Education

Changes Could be Coming to California School Funding

Written by T. Logan Dayne  

A new bill is being proposed that seeks to change the way k-12 funding will be distributed within California. For years, California schools received funding based on the average of daily attendance records. State Sen. Anthony Portantino (D–La Cañada Flintridge) from the 25th district, representing areas like Pasadena and Glendale in Los Angeles county, is proposing a bill that will redistribute funds based on enrollment rather than attendance, a move that could provide a significant boost to districts such as Los Angeles Unified.

Attendance based funds have been used as a way to hold schools accountable for student absences. This comes in the aftermath of the COVID-19 pandemic which saw a large drop in school attendance, especially from kindergarten. Families fleeing the state’s restrictions and taxes along with a declining birth rate have had a significant toll on California’s school enrollment. However, even before any pandemic, attendance for K-12 students was already a problem. Over 6 million students were marked chronically absent (defined as missing at least 10% of the school year), with Black students doubling the rate of absenteeism compared to White students.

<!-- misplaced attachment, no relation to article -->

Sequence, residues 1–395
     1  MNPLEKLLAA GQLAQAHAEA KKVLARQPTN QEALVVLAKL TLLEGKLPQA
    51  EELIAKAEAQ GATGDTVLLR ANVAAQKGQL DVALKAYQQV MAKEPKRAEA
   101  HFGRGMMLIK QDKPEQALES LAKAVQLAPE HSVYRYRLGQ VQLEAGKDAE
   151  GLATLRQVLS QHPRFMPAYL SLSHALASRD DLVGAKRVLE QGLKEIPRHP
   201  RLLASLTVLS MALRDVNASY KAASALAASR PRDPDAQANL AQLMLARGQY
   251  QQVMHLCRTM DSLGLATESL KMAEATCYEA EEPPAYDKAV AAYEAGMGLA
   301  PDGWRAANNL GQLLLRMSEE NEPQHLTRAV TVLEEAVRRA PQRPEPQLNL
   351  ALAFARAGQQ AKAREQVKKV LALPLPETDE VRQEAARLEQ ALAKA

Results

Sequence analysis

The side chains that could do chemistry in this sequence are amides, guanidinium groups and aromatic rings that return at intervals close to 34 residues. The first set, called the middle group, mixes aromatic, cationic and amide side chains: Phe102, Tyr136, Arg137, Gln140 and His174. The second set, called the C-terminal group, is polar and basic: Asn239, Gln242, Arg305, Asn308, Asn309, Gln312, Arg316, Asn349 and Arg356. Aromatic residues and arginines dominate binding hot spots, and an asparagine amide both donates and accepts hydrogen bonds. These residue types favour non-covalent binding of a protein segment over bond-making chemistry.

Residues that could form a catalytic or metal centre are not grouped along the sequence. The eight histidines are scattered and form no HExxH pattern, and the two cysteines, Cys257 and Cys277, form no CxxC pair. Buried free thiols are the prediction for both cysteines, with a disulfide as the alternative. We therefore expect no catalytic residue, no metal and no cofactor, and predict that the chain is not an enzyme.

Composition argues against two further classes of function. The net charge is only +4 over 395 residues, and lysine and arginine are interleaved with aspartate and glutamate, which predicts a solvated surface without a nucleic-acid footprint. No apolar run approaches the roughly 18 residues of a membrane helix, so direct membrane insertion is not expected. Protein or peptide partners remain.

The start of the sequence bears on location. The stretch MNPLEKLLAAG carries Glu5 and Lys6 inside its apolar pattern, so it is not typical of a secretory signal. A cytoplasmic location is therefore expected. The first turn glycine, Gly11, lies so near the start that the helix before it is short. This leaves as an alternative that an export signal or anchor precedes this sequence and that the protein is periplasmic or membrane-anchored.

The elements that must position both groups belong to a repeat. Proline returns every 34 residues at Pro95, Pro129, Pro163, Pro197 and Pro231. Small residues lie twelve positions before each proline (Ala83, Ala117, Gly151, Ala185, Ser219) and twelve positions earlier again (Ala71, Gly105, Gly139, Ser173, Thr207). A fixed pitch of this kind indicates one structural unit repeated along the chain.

Supporters of the new changes argue that enrollment based policies are less volatile, allowing schools to better plan out budgets and spend money more efficiently, especially over longer time tables. Portantino’s proposal also requires that half the money received under the new policy be put towards combating chronic absenteeism and truancy. Portantino also claims that no school district will lose their current funding level with a “hold harmless” provision meaning that current levels of funding should be maintained if the bill should be put into effect for the 2023-2024 school year. 

Photo Cred: Robyn Beck/AFP via Getty Images